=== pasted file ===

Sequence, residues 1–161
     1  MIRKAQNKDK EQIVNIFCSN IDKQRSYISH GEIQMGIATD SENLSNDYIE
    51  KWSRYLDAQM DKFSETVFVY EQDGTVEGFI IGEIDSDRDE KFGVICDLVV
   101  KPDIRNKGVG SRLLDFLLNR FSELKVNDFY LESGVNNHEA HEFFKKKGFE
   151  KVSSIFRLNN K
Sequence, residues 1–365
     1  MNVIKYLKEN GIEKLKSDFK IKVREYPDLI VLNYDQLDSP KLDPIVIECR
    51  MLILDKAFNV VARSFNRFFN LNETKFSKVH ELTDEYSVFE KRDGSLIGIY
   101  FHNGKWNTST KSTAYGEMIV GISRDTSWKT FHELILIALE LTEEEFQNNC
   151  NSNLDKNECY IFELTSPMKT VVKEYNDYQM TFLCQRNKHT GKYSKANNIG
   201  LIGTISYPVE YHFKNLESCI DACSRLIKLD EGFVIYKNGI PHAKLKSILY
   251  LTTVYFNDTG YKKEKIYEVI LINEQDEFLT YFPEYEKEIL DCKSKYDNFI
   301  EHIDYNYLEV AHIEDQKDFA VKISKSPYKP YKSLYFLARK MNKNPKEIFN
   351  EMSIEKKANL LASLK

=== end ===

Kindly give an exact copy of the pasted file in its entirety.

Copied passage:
Sequence, residues 1–161
     1  MIRKAQNKDK EQIVNIFCSN IDKQRSYISH GEIQMGIATD SENLSNDYIE
    51  KWSRYLDAQM DKFSETVFVY EQDGTVEGFI IGEIDSDRDE KFGVICDLVV
   101  KPDIRNKGVG SRLLDFLLNR FSELKVNDFY LESGVNNHEA HEFFKKKGFE
   151  KVSSIFRLNN K
Sequence, residues 1–365
     1  MNVIKYLKEN GIEKLKSDFK IKVREYPDLI VLNYDQLDSP KLDPIVIECR
    51  MLILDKAFNV VARSFNRFFN LNETKFSKVH ELTDEYSVFE KRDGSLIGIY
   101  FHNGKWNTST KSTAYGEMIV GISRDTSWKT FHELILIALE LTEEEFQNNC
   151  NSNLDKNECY IFELTSPMKT VVKEYNDYQM TFLCQRNKHT GKYSKANNIG
   201  LIGTISYPVE YHFKNLESCI DACSRLIKLD EGFVIYKNGI PHAKLKSILY
   251  LTTVYFNDTG YKKEKIYEVI LINEQDEFLT YFPEYEKEIL DCKSKYDNFI
   301  EHIDYNYLEV AHIEDQKDFA VKISKSPYKP YKSLYFLARK MNKNPKEIFN
   351  EMSIEKKANL LASLK